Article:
The Effects of Felony Convictions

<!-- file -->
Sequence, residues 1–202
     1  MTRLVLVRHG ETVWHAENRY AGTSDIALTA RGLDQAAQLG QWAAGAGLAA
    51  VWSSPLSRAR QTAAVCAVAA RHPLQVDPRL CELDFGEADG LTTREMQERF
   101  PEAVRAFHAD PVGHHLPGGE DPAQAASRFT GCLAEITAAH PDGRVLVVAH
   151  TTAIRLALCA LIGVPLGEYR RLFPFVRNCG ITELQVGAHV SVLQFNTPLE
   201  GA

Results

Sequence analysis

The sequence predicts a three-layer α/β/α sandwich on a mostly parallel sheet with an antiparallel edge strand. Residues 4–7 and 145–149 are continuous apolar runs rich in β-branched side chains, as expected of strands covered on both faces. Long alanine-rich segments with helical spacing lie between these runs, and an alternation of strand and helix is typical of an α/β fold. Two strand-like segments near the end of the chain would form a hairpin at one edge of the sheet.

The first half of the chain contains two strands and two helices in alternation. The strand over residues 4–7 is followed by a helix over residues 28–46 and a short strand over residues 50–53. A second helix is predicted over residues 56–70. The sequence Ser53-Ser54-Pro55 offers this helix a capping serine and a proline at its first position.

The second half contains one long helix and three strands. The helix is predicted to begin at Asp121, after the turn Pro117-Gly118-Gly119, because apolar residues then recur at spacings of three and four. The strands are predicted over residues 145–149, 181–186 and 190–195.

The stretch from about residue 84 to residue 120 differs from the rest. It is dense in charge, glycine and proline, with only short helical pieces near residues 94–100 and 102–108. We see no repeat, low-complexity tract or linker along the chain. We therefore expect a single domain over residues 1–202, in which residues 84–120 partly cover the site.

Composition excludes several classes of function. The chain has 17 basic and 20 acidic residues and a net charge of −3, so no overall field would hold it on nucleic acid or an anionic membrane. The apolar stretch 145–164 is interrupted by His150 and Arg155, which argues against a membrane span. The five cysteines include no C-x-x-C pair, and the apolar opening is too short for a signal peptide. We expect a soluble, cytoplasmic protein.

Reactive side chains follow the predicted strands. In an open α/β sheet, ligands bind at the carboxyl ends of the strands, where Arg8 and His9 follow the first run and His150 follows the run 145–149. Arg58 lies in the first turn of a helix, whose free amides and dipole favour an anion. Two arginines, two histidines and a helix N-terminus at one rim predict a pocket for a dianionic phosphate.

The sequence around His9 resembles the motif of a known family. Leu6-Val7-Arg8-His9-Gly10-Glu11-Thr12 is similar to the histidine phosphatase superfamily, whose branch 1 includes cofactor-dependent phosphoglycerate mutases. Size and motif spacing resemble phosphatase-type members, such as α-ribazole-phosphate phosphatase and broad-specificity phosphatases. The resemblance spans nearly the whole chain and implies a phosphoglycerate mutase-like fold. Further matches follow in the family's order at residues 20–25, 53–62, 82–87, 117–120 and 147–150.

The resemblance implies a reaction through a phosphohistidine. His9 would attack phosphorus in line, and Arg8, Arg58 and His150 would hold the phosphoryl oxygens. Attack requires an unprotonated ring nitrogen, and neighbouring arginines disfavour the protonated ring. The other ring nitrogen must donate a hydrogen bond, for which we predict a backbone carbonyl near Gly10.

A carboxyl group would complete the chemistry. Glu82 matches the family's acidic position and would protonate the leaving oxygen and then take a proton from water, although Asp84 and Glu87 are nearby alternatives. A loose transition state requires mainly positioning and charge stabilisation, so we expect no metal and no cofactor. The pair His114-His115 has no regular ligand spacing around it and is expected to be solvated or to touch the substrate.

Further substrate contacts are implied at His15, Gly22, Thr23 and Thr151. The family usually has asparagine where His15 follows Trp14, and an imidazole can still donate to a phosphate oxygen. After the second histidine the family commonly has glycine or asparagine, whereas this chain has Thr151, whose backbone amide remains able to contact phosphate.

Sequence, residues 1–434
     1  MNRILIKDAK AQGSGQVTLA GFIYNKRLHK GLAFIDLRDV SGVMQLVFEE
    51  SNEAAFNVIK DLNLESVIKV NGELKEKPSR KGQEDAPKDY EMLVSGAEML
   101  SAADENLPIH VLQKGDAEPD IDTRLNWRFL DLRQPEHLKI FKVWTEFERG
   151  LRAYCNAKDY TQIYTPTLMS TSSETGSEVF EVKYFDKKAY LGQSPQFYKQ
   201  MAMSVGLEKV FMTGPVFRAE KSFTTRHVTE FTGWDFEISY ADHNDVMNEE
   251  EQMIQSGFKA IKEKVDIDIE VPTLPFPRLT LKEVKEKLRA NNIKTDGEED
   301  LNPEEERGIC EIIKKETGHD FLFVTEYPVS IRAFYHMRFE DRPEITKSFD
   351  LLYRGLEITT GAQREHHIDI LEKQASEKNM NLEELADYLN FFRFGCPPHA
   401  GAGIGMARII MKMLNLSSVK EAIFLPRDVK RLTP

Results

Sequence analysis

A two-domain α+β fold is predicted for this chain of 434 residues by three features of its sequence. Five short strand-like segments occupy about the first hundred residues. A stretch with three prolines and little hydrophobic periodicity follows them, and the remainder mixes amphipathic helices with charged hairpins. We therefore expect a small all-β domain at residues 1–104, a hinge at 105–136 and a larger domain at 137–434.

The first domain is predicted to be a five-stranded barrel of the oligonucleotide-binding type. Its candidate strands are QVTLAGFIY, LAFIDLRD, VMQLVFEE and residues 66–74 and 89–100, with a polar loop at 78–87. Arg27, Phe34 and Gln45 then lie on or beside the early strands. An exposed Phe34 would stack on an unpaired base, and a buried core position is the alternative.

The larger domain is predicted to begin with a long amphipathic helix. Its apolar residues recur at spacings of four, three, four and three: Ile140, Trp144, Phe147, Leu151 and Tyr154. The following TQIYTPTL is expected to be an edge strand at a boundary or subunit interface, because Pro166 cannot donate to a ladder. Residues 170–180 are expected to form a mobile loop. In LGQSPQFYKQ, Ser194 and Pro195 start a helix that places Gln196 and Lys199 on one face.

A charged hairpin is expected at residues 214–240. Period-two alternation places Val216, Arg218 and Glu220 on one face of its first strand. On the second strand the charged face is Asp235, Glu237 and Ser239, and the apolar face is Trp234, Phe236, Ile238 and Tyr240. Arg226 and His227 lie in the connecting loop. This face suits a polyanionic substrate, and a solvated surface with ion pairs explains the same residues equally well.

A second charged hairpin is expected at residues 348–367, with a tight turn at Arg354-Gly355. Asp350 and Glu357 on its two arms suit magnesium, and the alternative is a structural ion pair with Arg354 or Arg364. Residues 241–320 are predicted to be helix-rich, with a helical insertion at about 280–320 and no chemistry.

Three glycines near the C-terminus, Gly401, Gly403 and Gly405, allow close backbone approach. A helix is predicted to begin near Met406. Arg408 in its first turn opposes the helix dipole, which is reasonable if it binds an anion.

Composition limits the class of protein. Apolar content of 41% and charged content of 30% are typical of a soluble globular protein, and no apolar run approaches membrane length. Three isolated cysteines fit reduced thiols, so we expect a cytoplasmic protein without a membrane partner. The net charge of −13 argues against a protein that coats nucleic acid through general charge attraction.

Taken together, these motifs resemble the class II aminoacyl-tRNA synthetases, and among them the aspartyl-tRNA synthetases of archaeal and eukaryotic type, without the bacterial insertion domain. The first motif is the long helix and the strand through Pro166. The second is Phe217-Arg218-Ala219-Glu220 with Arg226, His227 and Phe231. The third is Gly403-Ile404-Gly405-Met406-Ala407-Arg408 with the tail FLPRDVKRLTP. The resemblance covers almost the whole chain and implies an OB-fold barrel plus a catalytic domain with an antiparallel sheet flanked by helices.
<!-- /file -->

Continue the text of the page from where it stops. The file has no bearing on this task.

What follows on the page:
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The Effects of Felony Convictions RaShawnda Anderson Kaplan University The Effects of Felony Convictions The effects of felony convictions are a very hot topic in America. This is because there are many Americans that commit crimes and are punished yet still deal with the effects for years to come. Felons are a part of society and should be treated as such especially if they are reformed. A person can commit a crime that results in a felony and twenty years later still suffer the harsh reality of certain privileges being taken away. Yes, an individual should be punished for their crimes but the effects of a felony conviction should not include or affect that person’s right to vote, finding employment, or the pursuance of a higher education. According to Olivares, Burton, and Cullen (1996) upon release these offenders also deal with stigmas, loss of job opportunities, friendships, family relationships, and denial of civil rights. When it comes to the loss of job opportunities, a recent study has shown that most employers have hired at least one person with a felony conviction (Sawnson, Langfitt-Reese & Bond, 2012). Employers encourage job seekers with criminal records to be honest and willing to discuss their involvement with the justice system. Most employers did not have strict policies concerning hiring criminals and this is a plus. Convicted job seekers should follow standard job hunting techniques, but also be creative such as finding dependable references and making face-to-face contact. This should help the employer get a good idea of how the job seeker is trying to move forward and change their lives. Temporary job services often offer felons jobs and this could help them get the experience they need and references to re-enter the regular job market. There are day labor
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